Every day, great stories miss getting a fair reading because of these three common mistakes. If you follow these three tips, around 99% of your competition fades away. Most of your competition isn’t going to even take time to read this list.
1) Remove passive sentences and passive voice.
Passive sentences, … Ick. Passive voice, ... Double ick. Imagine a greasy-haired, oily-faced teen, who’s worn the same smelly clothes for a week—that’s how editors look at passive sentences and passive voice. For brevity, I refer to them both as passive sentences.
Around 75% of all stories I receive, I reject because of passive sentences. Get your story noticed by removing every possible passive sentence. After removing them, go through and fix all the impossible-to-remove passive sentences, too. Removing passive sentences will feel awkward to novice writers. After removing them regularly, you will discover that you don’t use passive sentences in first drafts anymore.
In case you don’t know how to spot and remove passive sentences, check out my passive sentence post.
2) Narrative summary makes editors feel as though they missed all the action.
Narrative summary happened. Narrative summary is a story told within your story, usually by the narrator. It does not happen in front of the reader. The author tells about it having happened. The biggest giveaway of narrative summary is the word ‘had.’ Search your story for the word ‘had.’ Now delete all those sentences.
If the narrative summary is really so important that you can’t get rid of it, then rewrite it as though you are describing your favorite TV show or YouTube video in present tense and put it at the beginning of the story. If that makes the beginning of your story boring, delete it, and find a way to include the information in very small portions in the main story. Everything should happen in front of the reader as though they are watching a play.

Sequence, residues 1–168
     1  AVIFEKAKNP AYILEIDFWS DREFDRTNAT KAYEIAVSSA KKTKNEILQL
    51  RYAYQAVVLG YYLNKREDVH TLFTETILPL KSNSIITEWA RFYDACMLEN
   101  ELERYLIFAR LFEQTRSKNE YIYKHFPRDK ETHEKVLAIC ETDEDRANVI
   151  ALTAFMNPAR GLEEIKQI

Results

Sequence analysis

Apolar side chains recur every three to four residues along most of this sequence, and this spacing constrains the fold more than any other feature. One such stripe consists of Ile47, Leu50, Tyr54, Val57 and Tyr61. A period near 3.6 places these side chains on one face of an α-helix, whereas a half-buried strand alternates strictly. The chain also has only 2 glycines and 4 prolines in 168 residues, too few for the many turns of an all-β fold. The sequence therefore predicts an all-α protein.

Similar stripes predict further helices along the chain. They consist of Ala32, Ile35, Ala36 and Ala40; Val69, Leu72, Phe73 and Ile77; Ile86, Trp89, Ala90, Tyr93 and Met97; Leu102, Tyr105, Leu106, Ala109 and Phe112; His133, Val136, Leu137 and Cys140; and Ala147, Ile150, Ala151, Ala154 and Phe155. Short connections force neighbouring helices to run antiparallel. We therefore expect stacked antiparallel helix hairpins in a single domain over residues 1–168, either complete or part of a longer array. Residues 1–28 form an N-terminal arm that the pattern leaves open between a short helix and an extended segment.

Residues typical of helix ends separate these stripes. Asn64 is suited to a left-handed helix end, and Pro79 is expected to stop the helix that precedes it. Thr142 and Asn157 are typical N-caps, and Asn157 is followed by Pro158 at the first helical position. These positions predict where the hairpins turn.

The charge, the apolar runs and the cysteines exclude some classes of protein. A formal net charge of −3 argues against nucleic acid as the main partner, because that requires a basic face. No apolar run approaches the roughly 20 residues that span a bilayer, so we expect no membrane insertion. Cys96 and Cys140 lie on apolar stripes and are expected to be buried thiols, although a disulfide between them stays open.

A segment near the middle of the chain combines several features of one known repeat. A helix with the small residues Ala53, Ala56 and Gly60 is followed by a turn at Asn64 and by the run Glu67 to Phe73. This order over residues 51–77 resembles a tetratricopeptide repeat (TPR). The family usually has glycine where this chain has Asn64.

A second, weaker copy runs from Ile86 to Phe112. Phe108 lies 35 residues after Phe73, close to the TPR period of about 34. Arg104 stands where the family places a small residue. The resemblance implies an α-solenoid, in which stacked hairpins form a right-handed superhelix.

Think of narrative summary as that little bit at the beginning of the second part of two-part TV shows. No one likes to start in on the second episode of a two-part show. It’s like buying a ticket to a movie and only showing up for the second hour.
No one wants to read narrative summary. Remove all narrative summary.
3) Know your characters better than you know your parents or significant other.
Spend time daydreaming about the main characters and supporting characters in your story. Hold imaginary interviews with them, where they have to answer every question honestly. Don’t stop until you know something you could blackmail them with. If you can’t orate on the background, dreams, personality, and embarrassing moments in your characters’ lives for several minutes without coming up for air, then you don’t know them well enough to write about them.
Those are the three tips.
1) Fix passives.
2) Fix narrative summary.
3) Know your characters.
It sounds sooooo easy, but most authors don’t do any of these. If you internalize these three tips, editors will start scanning their submission lists for your name. I’m not joking. They will.